December 12, 2017
Precision part manufacturers face challenges that are related to the shop floor as well as the designs. The majority of these challenges are because smaller parts or units are both bespoke and have precise geometry.
To be able to design and develop bespoke and precise manufacturing information, engineers need a CAD system that is democratized. In other words, everyone from the design engineer to the foremen on the shop floor, and everyone in between, should be able to view the CAD model.
Challenges of Bespoke Needs and Precision Output
With a multitude of complexities, manufacturers need to find a CAD tool that can cater to seemingly antagonistically distinct requirements. More so, manufacturers need CAD systems that are compatible with a range of other software tools to handle different design features. Beyond mastering design compatibility, manufacturers also need CAD systems that are compatible with G-Code for seamless operation of CNC machines.
Meeting these challenges is not as simple as adopting a particular CAD system because most design engineers use different parametric 3D CAD platforms. However, if they look at their entire process more closely, design engineers would realize their CAD models aren’t flexible. When engineering change orders (ECOs) arise, these models fail to accommodate the changes without generating a ripple effect. Assembly CAD models are based on many constraints, so one change can warrant the entire component to be redrawn.
More Experience, More Benefits
Precision part manufacturing is often used for products like pressure vessels, boilers and other process industry equipment or machinery, as well as for automotive and aviation components. One little mistake or overlooking even the smallest design detail can result in the loss of lives or millions of dollars. Even if catastrophe is avoided, the initial machining setup and raw material require a significant investment. If something goes wrong with the design, the time and money invested is wasted. Manufacturers simply cannot allow designs to go wrong.
There are several CAD systems with application programming interfaces that will check the correctness of the design during development and manufacturing. This can be a huge relief to product manufacturers because it allows them to increase their production efficiency and lower their costs by avoiding rework.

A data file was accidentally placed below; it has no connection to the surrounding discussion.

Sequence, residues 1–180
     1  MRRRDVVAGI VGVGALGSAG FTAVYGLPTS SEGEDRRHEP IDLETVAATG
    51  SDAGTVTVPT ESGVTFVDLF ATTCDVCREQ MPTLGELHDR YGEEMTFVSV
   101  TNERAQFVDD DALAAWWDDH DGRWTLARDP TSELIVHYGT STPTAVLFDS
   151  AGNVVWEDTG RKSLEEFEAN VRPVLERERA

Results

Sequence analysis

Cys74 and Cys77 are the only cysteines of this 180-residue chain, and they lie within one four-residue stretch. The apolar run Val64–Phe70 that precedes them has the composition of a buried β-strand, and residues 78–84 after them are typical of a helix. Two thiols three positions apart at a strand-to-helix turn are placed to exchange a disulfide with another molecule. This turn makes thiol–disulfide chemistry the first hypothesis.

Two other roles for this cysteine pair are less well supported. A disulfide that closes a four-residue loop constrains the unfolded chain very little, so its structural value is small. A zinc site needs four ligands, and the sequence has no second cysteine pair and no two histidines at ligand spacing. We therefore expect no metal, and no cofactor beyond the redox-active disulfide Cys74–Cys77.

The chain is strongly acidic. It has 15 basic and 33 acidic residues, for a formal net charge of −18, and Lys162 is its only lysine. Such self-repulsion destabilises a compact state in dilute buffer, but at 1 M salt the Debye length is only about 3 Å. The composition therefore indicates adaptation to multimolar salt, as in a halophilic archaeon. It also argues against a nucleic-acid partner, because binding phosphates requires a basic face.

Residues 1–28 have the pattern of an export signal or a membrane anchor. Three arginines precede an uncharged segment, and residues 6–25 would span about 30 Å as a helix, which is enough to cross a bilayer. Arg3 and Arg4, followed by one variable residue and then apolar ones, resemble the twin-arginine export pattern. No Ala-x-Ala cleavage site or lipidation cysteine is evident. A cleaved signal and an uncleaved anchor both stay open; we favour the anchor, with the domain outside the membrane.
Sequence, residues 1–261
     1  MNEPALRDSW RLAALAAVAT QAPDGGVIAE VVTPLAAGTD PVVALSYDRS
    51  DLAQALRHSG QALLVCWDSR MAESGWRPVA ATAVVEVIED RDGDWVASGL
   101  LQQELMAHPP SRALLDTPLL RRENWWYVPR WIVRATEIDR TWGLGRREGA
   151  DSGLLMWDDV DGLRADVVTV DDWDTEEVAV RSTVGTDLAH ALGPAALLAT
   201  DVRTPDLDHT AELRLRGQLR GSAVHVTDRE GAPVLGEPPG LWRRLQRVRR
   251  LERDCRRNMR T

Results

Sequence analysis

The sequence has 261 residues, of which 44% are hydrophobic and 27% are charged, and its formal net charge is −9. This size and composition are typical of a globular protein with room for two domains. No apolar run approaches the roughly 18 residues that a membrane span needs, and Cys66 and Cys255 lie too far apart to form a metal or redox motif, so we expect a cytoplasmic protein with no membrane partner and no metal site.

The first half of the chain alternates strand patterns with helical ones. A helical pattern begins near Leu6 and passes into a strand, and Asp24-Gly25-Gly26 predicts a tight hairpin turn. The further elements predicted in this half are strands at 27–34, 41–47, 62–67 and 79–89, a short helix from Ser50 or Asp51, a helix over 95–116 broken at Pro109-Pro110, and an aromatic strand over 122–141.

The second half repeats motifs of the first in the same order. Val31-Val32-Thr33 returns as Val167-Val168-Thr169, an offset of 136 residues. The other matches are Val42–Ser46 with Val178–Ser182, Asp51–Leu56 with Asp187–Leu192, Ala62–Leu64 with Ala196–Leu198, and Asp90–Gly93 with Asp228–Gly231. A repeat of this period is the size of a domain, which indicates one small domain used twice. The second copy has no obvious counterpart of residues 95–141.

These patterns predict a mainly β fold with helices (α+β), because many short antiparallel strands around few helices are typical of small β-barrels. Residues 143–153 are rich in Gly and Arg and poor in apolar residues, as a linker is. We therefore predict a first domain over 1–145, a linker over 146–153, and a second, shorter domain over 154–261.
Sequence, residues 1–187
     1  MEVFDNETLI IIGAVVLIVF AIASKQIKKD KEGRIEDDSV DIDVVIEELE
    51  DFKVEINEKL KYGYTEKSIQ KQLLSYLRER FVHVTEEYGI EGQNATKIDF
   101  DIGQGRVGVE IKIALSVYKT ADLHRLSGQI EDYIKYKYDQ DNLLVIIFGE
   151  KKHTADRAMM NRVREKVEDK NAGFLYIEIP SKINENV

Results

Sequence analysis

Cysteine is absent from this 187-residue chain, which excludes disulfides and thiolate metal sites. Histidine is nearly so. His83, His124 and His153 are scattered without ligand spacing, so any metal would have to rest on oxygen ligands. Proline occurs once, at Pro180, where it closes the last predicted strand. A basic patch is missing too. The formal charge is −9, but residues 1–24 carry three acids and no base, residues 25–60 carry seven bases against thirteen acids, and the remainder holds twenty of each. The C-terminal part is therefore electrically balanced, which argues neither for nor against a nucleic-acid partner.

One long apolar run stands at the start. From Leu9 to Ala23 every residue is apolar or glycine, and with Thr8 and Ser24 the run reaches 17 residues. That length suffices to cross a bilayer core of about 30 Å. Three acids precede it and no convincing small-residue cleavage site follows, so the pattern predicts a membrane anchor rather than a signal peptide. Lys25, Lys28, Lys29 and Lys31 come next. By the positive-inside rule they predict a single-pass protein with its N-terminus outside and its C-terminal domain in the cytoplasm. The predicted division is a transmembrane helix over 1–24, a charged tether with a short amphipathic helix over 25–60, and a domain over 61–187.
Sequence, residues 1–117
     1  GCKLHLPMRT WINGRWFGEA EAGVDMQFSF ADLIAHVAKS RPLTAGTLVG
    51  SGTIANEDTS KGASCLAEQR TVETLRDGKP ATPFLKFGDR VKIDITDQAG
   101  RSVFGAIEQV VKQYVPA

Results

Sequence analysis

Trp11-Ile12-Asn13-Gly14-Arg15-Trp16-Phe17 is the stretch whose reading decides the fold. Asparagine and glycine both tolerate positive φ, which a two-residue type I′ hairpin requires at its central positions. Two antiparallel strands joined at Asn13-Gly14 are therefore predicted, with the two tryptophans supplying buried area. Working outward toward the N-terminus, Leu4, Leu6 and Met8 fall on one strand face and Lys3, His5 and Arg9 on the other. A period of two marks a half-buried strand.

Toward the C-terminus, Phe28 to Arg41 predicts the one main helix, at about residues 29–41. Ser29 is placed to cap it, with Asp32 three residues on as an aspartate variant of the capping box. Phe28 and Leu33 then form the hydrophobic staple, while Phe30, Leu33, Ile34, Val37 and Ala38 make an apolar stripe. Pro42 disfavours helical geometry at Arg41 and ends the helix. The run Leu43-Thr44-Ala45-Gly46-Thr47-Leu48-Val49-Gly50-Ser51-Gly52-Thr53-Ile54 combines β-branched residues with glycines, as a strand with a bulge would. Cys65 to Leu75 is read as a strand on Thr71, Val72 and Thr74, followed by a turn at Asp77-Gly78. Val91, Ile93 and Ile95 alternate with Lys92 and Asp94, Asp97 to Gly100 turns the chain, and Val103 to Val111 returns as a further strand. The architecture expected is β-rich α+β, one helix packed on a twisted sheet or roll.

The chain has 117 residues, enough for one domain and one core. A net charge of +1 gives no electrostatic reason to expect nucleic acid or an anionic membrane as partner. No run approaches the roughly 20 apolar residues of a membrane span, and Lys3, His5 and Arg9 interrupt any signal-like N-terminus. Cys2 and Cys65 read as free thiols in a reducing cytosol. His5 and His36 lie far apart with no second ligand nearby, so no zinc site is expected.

Democratize the CAD Systems to Manage Design
Democratizing CAD systems essentially means providing access to CAD models in the same form to everyone associated with the product. That doesn’t just mean access to the ready CAD models, but includes notifications about every change, update or any additional information that will help the manufacturer be more profitable.
Manufacturers don’t know when customers will ask to add or subtract a particular design feature, so it is better for them to make 3D CAD models of parts for the entire assembly and then assimilate the data in the assembly model. The advantage of working with part models is that a part library for standard components can be created, and the designers can drag and drop part models while preparing multi-component assemblies. This approach saves a considerable modeling time and also reduces the entire design cycle time.
In addition, when the CAD models are released for manufacturing and design change orders are issued, this approach allows can help avoid dissecting the entire assembly. More often than not, workers on the shop floor miss out on updates when models aren’t democratized, because no notifications are sent. Above all, democratization supports innovative fixturing and machining techniques that allow the manufacturer to expedite manufacturing time.
Non-technical staff associated with the product, such as sales and marketing personnel, often feel left out because they do not have a strong say during product design and development, even though they play a major role in the product’s life cycle. They contribute valuable input when deciding the price and knowing how the customer will affect the success of the product. But when the product is manufactured and ready to be dispatched, that intelligence is often not used.
However, with CAD democratization, non-technical personnel have access to models, which enables them to contribute valuable inputs for aesthetics, ergonomics and utility—knowledge that is gained from customer feedback and market surveys. These can be ingrained upfront in the design cycle so the product manufacturer will not have to entertain changes further down the line, resulting in a more efficient manufacturing cycle.
Holistically, democratized optimizes the entire value chain by providing visibility from concept origination to the final customer reach, all via the CAD model.
Usha B. Trivedi is an engineer with Hi-Tech CADD Services, a company providing design support services globally. With years of experience in CAD drafting, conversion, 3D CAD modeling and 3D rendering, she provides insights for solutions in process challenges for fabricators, designers, contractors, engineers and architects.